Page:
• axillary sweating;
  • Shelley's procedure;
  • skin excision


Background  Limited axillary skin excision and selective sweat gland removal from adjacent skin (Shelley's procedure) is currently rarely used for hyperhidrosis.

Objectives  To determine whether this technique is a good way of permanently reducing axillary sweating.

Methods  This was a prospective, open, nonrandomized trial of the therapy, conducted in a university dermatology department. A small skin ellipse, parallel to the skin crease lines, was excised from the centre of the area of maximal sweating. The wound edges were undermined to the extent of maximal sweating and the skin reflected. Large visible sweat glands attached to the undersurface of the adjacent skin could be readily identified and were snipped off using scissors. We treated 15 axillae in eight patients with axillary hyperhidrosis. Sweat reduction was assessed by the patients who estimated the percentage reduction in sweating postoperatively. The scar appearance was graded by the surgeon. Haematoxylin and eosin-stained transverse sections of eight axillary skin ellipses from five subjects were examined histologically to establish the size, position and depth of the sweat gland tissue.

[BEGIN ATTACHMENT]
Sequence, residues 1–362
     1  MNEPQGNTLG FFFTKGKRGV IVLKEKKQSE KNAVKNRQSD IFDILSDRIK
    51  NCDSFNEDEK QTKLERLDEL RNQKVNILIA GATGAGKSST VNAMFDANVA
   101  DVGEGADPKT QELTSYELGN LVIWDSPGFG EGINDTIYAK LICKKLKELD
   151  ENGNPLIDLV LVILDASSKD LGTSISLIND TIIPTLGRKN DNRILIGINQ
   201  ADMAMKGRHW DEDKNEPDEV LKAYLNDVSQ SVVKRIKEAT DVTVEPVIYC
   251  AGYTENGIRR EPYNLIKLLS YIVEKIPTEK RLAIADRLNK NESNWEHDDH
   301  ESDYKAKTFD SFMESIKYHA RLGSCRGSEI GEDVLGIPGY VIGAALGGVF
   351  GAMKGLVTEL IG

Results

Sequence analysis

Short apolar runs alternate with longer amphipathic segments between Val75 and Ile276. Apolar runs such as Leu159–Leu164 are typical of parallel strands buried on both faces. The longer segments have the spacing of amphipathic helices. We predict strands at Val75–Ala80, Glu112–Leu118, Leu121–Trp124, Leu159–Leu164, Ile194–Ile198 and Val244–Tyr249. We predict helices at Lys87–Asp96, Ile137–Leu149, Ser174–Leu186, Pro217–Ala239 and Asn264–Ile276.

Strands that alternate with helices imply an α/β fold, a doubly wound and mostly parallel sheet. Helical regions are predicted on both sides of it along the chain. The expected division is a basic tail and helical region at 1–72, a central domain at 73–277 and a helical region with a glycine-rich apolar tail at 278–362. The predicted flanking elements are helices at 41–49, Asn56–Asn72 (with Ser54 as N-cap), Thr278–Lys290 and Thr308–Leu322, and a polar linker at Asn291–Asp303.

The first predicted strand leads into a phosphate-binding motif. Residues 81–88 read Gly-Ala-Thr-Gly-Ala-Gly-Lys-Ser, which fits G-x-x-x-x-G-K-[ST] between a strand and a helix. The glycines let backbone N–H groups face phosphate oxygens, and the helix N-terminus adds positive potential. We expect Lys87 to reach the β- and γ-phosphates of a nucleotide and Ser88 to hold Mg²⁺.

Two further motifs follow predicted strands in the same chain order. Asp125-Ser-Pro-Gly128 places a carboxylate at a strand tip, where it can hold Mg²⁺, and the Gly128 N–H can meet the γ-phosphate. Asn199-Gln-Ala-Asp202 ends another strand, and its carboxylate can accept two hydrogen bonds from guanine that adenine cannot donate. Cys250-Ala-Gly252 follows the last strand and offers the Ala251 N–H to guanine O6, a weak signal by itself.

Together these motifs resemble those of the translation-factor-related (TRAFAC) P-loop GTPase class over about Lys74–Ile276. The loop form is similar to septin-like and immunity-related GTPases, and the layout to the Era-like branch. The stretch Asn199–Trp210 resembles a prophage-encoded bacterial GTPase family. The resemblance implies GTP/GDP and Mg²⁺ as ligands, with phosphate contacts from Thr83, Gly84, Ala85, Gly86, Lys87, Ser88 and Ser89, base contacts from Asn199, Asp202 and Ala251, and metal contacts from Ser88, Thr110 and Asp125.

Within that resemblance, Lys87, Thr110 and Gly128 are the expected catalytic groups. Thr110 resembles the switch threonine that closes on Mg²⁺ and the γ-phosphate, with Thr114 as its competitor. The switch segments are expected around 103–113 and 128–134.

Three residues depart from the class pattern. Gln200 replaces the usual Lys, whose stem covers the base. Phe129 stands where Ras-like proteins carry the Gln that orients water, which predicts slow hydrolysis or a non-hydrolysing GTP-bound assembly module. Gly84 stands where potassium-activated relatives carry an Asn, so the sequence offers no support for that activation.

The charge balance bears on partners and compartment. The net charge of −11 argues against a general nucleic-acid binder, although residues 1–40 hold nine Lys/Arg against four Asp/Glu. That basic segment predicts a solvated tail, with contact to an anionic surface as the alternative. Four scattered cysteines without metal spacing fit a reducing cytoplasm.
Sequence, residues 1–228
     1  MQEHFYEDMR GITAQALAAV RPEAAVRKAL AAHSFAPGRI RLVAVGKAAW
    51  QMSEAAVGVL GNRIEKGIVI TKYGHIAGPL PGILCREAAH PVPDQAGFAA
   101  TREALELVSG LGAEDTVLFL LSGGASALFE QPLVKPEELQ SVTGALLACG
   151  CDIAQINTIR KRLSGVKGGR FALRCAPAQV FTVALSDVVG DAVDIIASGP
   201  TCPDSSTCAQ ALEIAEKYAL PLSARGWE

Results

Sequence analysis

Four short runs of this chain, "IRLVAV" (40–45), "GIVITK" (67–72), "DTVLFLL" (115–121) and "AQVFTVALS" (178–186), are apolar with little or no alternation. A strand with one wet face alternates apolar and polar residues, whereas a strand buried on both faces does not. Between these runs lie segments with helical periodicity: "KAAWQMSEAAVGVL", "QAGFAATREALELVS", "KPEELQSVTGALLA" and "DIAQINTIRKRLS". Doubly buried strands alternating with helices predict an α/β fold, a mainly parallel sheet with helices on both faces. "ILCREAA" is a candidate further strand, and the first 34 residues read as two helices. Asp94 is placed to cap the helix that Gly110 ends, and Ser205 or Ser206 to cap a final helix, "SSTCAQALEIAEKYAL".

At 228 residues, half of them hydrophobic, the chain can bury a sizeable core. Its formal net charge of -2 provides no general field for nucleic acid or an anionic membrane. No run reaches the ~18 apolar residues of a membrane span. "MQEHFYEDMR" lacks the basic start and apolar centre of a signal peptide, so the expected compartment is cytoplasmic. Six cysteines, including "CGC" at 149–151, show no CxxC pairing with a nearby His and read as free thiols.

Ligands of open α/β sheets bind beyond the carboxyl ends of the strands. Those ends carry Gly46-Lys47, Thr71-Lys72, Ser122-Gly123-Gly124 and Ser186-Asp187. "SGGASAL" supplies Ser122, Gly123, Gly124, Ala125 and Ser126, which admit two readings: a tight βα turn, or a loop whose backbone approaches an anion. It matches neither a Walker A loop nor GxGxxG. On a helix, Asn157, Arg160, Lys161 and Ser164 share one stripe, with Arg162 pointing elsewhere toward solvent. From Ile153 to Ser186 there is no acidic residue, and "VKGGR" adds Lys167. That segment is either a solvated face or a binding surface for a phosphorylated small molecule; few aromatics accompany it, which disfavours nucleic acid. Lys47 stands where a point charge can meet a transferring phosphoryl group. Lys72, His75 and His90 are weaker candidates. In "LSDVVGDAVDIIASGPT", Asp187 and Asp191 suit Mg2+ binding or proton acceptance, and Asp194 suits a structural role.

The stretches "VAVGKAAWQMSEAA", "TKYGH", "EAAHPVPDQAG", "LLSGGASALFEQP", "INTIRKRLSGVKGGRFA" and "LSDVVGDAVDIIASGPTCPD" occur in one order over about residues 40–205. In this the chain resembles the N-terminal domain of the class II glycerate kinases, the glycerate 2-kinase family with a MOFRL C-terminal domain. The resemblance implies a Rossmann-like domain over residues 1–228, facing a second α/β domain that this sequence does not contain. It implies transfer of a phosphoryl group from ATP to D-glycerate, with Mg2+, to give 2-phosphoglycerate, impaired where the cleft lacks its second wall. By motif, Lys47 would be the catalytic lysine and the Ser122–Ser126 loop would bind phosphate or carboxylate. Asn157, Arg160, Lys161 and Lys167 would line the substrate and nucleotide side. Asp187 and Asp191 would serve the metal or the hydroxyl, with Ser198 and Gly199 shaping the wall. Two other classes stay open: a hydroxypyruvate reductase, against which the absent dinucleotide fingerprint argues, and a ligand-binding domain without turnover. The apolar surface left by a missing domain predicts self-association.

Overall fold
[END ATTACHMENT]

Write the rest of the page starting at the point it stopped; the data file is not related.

Results  All of the patients responded to treatment: mean sweat reduction was 65% (range 40–90%). Mean follow up was 1·3 years (range 0·1–6) and sweat reduction was maintained over this period. Histological material was available from five patients: sweat glands lay slightly deeper than hair follicles; glandular tissue occupied an average thickness of 3·5 mm in the 5-mm thick piece of skin. Apocrine gland lobules were more numerous and larger than eccrine gland lobules. Both gland types were in close apposition and did not occupy distinctly different depths within the skin.

Conclusions  Local surgery using limited axillary skin excision and selective sweat gland removal remains one of the safest ways of permanently reducing axillary sweating.